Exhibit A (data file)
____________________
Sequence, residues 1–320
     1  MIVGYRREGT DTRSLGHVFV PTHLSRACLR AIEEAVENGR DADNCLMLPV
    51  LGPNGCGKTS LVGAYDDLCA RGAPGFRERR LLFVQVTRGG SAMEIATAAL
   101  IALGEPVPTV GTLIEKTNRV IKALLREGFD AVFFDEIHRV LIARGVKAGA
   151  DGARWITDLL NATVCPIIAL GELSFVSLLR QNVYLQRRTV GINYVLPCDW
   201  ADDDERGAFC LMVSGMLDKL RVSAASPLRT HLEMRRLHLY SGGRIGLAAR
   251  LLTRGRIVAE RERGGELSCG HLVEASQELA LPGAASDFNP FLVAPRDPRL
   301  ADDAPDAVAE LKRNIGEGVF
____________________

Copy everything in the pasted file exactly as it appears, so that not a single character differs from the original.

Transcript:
Sequence, residues 1–320
     1  MIVGYRREGT DTRSLGHVFV PTHLSRACLR AIEEAVENGR DADNCLMLPV
    51  LGPNGCGKTS LVGAYDDLCA RGAPGFRERR LLFVQVTRGG SAMEIATAAL
   101  IALGEPVPTV GTLIEKTNRV IKALLREGFD AVFFDEIHRV LIARGVKAGA
   151  DGARWITDLL NATVCPIIAL GELSFVSLLR QNVYLQRRTV GINYVLPCDW
   201  ADDDERGAFC LMVSGMLDKL RVSAASPLRT HLEMRRLHLY SGGRIGLAAR
   251  LLTRGRIVAE RERGGELSCG HLVEASQELA LPGAASDFNP FLVAPRDPRL
   301  ADDAPDAVAE LKRNIGEGVF